Kevin Poynter, battalion chief for the Cave City Volunteer Fire Department, sprays water on the smoldering remains of Coffey's Ornamental Concrete Kreations near the intersection of Ky. 90 and U.S. 31-W in May 2018. The fire department will celebrate its 100th anniversary with an open house on Oct. 20.

GLASGOW – An open house to commemorate the 100th anniversary of the Cave City Volunteer Fire Department is being planned for October.

The event will take place from noon to 5 p.m. on Oct. 20 at the fire station along North First Street. The public is invited to attend.

Kevin Jandt, fire chief, said he was caught off guard by this year being the 100th anniversary for the fire department.

“I always knew the established date,” he said, but it didn't dawn on him that this year was the 100th anniversary of the fire department until someone asked him how the fire department was going to mark the milestone. “I think it's pretty good to have been going that long. Most everybody is excited.”

Federal, state and local dignitaries have been invited to attend the open house.

“We haven't gotten a response back as to whether or not they will be here, but we have sent the invites,” said Cave City Councilwoman Beverly Ford.

Ford attends the fire department's meetings on a regular basis.

“It averages about 100 runs a month and that's pretty high for a local volunteer fire department,” Ford said. “Most of your paid fire departments don't do that many runs. They are really serious about keeping the citizens of Cave City safe.”

The fire department has made more than 700 runs for the year, a lot of which are medical runs.

“We run close to 800 a year but we're probably going to end up pushing it way up there because the last couple of months we've been close to running 90 to 100 runs a month,” Jandt said.

Cave City has several hundred thousand visitors during the summer months coming through town and Jandt thinks that may attribute to the high volume of runs the fire department has been making the last couple of months.

Ford wanted to see just how busy the fire department was, so she had alerts sent to her cell phone, which shows her it is responding to medical runs constantly.

“Being so close to the I-65 corridor is why I think they stay extra busy,” she said. “I just don't think they receive enough credit for all that they do.”

The fire department has 31 members on staff, and three junior firefighters who are undergoing training to become a firefighter once they turn 18.

“Those guys hold full-time jobs, but yet they give untiring service to the community,” Ford said. “I'm just proud of those guys. I go to their meetings and I get to enjoy them. I didn't know a lot about the fire department and they take the time to show me about the trucks and how they operate, what they have to have, and they communicate with me about what they are doing. I'm hoping we can really blow this out of the water, celebrating them for their 100th anniversary.”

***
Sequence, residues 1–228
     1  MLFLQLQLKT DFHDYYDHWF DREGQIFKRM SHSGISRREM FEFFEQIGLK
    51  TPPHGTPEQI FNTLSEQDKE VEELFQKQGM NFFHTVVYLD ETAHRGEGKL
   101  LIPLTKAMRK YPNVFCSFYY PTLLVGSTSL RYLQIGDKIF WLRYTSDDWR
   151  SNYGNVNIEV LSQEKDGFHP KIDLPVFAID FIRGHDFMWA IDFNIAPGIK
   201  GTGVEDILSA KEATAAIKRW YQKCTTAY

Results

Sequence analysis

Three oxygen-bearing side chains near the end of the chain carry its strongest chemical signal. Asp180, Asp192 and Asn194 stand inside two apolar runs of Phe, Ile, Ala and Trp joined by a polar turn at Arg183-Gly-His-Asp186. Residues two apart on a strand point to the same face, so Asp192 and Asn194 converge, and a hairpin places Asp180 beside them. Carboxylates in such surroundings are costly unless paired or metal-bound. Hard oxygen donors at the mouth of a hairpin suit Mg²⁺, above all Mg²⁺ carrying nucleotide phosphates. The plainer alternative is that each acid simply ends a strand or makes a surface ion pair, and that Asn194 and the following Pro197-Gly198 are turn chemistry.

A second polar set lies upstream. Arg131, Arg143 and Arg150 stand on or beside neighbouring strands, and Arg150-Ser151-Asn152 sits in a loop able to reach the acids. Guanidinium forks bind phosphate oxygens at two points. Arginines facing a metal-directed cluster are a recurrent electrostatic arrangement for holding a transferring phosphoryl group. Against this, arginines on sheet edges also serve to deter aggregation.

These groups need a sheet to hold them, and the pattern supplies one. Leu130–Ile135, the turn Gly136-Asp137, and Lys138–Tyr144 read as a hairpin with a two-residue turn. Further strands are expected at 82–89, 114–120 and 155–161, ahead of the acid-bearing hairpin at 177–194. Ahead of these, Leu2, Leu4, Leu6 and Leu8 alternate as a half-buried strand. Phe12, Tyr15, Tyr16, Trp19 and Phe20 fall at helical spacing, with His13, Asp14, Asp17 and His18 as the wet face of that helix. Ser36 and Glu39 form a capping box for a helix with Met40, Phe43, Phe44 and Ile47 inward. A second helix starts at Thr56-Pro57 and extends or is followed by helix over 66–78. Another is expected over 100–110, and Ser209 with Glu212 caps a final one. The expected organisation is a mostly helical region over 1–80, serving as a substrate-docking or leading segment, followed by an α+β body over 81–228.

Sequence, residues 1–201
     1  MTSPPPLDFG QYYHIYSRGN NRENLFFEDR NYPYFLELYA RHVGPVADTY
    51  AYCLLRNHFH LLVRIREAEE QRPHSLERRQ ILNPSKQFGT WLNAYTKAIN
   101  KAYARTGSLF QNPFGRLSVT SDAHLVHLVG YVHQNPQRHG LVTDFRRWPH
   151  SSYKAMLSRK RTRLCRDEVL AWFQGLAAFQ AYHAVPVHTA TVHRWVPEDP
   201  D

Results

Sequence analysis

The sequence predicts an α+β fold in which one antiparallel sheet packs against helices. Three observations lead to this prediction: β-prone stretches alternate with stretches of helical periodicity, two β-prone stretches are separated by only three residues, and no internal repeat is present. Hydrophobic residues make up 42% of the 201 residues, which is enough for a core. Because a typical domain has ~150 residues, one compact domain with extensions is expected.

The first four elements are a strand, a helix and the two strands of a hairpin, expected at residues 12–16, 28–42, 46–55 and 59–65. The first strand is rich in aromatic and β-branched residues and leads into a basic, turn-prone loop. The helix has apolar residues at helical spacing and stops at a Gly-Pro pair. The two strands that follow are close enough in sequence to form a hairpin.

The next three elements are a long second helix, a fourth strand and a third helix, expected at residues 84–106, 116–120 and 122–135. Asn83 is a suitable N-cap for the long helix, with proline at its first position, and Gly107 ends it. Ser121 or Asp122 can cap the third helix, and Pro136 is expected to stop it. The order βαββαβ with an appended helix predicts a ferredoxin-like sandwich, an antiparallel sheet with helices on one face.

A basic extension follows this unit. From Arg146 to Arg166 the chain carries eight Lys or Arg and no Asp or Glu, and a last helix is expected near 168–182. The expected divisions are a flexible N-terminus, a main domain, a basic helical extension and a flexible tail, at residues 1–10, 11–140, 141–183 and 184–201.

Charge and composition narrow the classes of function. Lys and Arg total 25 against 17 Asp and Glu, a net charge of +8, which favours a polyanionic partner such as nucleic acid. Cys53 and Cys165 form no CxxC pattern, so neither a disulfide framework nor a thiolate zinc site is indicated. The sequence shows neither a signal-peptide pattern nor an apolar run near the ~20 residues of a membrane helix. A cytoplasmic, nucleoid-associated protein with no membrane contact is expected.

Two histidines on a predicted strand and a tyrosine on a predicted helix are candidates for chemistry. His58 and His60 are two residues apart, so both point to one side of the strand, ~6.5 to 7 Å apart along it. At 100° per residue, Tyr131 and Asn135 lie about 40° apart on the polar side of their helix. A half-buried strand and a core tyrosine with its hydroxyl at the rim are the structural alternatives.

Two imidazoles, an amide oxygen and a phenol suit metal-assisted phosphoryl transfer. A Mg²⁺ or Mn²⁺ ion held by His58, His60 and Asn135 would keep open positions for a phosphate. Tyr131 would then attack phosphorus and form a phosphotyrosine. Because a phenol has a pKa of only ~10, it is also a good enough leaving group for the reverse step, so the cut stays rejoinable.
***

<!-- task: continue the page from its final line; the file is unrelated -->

Cave City firefighters ride on the backs of fire engines delivering fruit to Cave City residents in December 2018. The fruit delivery is something the fire department does each year prior to Christmas.

The fire department is selling T-shirts in recognition of its 100th anniversary and money generated from the T-shirt sales will go to help fund the purchase of equipment.

“We're looking at needing some turnout gear,” said Kevin Poynter, battalion chief for the fire department. “I'm actually looking at getting another set of Jaws.”

By “Jaws” he is referring to a Jaws of Life tool, which is actually equipment that includes cutters, spreaders and rams used to free car crash victims from wreckage.

“That's probably going to be coming up the next couple of years,” he said.

Instead of purchasing a hydraulic-powered tool, Poynter said he would like to see the fire department purchase one that is battery-powered because they can outwork the hydraulic-powered ones two to one.

Poynter has also mentioned to city officials about the need of another fire engine to replace an existing one.

“That's going to be down the road too,” Poynter said.

The fire department currently has four fire engines and one rescue truck. The oldest fire truck the fire department has is a 1946 Chevrolet, which is primarily driven in parades and displayed at other community events.

“We've got a new medical rescue truck that has been ordered or is in the process of being ordered, so hopefully, we will have a new medical truck here before long,” he said.

The fire department receives about $11,000 a year in state aid and the city of Cave City pays for its fuel and the fire station's utilities. The fire department also receives a little more than $8,000 a year from the Barren County Fiscal Court. The rest of its funding comes from cost recovery from insurance companies the fire department receives for responding to wrecks and from fundraisers.

“We do a couple (of fundraisers) a year,” Jandt said.

The fire department will be partnering with the Caverna Kiwanis Club to do a pancake fry during Cave City Proud Days later this month.

“Our big one that we try to work on is the Haunted Woods coming up the first weekend in October that we run through every weekend in October,” Jandt said.

The money from the fundraisers also goes to support the purchase of equipment for the fire department.

Cave City Mayor Dwayne Hatcher praised the fire department for all the hard work it does.

“Obviously, they are doing things right to be in existence for 100 years,” he said.

Hatcher said the firefighters are really dedicated to Cave City and the surrounding communities and hopefully that dedication will continue for many years to come.


The Cave City Volunteer Fire Department will commemorate its 100th anniversary with open house scheduled for noon to 5 p.m. on Oct. 20 at the fire station along North First Street. 

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